Sarah Brown has spoken of her pride in supporting Jewish charities and her desire to take her family on holiday to Israel.
The wife of the former prime minister addressed a full house of 350 people at Finchley Synagogue on Tuesday in the launch event of the five-week Kinloss Learning Centre programme.
She was interviewed by Rabbi Ephraim Mirvis about her time at 10 Downing Street and her new book, Behind the Black Door.
He praised her for hosting a variety of Jewish charities at Downing Street, among them the Jewish Museum and the Alan Senitt Memorial Trust.
"I was very proud to host receptions for the Jewish charities," Mrs Brown said.
Recalling visiting Auschwitz under the auspices of the Holocaust Educational Trust in 2009, she reflected: "I didn't know until I went there how much I needed to go. You think you have read so much and seen things and talked to people but you have to go to know.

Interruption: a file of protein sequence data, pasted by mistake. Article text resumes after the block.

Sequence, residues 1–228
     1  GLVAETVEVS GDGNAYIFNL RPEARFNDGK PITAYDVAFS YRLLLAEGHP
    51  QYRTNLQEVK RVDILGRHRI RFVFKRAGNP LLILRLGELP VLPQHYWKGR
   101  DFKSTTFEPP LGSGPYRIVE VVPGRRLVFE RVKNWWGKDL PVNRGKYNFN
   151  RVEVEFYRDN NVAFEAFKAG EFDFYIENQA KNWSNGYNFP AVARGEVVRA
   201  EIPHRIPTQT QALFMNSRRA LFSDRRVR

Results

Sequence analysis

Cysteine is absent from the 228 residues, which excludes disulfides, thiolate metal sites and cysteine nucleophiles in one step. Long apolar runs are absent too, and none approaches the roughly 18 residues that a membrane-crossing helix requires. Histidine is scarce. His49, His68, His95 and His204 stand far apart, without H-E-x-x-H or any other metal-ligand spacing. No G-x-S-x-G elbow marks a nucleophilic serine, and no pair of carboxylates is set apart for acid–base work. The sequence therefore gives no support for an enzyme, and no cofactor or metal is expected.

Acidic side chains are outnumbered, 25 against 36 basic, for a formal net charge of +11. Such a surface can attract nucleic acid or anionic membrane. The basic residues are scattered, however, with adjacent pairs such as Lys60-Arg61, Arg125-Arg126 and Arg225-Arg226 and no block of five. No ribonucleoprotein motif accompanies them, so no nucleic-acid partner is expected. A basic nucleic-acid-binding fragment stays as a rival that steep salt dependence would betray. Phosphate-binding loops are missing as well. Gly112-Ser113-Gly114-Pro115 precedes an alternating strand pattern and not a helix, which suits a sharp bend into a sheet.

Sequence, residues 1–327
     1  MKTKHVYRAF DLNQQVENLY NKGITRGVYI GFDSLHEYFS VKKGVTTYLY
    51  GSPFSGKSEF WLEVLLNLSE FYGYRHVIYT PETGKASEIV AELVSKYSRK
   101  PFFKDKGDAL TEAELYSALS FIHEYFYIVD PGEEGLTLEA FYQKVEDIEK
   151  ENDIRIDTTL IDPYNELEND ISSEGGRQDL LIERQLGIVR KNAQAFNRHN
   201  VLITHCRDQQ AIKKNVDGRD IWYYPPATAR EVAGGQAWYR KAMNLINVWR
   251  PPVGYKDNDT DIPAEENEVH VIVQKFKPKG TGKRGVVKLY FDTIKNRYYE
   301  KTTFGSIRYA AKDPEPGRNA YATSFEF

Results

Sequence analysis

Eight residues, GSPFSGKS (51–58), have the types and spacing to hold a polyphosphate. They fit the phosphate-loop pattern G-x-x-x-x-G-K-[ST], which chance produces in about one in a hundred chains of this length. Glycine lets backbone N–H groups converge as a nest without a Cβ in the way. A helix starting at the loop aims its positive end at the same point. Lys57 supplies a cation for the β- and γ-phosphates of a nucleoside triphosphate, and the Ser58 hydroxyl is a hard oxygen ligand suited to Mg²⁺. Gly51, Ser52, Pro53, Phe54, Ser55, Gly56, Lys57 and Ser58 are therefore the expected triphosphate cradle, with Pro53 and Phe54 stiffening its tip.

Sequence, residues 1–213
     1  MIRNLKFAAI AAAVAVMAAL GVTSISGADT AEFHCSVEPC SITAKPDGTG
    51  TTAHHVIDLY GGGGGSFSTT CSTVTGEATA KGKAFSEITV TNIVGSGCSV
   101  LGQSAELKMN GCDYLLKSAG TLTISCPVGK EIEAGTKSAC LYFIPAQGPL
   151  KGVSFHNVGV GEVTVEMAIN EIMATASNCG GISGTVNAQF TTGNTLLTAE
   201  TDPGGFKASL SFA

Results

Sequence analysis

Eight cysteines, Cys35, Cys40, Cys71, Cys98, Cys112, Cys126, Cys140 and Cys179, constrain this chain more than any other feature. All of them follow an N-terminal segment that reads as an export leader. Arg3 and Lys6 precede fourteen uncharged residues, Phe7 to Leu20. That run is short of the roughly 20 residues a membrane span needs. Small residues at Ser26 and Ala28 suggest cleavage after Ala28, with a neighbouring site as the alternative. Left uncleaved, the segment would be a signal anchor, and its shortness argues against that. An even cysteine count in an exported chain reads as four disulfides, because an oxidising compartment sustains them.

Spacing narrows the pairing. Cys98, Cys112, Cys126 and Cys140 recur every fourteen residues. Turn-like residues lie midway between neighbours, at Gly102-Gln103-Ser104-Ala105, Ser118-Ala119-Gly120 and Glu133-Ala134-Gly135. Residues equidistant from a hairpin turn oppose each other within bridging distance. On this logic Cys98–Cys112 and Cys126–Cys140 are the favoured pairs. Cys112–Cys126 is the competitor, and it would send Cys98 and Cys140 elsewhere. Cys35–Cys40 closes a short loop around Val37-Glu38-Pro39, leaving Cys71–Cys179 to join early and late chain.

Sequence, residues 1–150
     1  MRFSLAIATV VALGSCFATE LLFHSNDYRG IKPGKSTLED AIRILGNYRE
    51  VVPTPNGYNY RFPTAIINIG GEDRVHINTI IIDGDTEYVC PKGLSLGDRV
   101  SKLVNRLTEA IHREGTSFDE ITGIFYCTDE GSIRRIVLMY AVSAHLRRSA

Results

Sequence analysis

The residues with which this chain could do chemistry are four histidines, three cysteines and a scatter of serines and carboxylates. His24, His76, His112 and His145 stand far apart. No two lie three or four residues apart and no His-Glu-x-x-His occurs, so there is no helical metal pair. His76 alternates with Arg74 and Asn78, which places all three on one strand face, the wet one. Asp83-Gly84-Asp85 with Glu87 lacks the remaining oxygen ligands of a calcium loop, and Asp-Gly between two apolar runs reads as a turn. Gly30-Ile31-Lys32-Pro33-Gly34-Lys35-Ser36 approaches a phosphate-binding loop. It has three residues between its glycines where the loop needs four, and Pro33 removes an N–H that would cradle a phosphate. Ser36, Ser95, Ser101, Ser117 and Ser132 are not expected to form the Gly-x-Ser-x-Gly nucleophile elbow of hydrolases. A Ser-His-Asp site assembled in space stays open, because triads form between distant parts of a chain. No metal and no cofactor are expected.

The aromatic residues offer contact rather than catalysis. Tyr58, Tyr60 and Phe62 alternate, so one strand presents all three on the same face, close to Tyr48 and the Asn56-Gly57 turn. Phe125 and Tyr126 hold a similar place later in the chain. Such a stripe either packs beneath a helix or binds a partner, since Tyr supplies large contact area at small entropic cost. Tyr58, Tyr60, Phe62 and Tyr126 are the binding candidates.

"When Gordon talks about it, he talks about the courage and people's capacity to do good and their bravery and will to live. He finds that uplifting. I find it a greater struggle to understand that and take much more darkness from it."
She also spoke of "an amazing visit" to Israel in 2008. "I felt we walked away far richer for it. It is one of the few places I went to where I'd like to return with my family on holiday. "
Other topics covered included her fear of public speaking, dealing with criticism of her husband and her feelings about not being invited to the royal wedding.
Introducing her, Chief Rabbi Lord Sacks had said: "I have one thing in common with the former prime minister - we know we are just the front man and the real movers and shakers are the people we have the privilege of being married to.
"Sarah never said 'no' when any Jewish charity asked for support or patronage or a reception in 10 Downing Street.
"She has been a fresh, honest, straight and deeply admirable figure."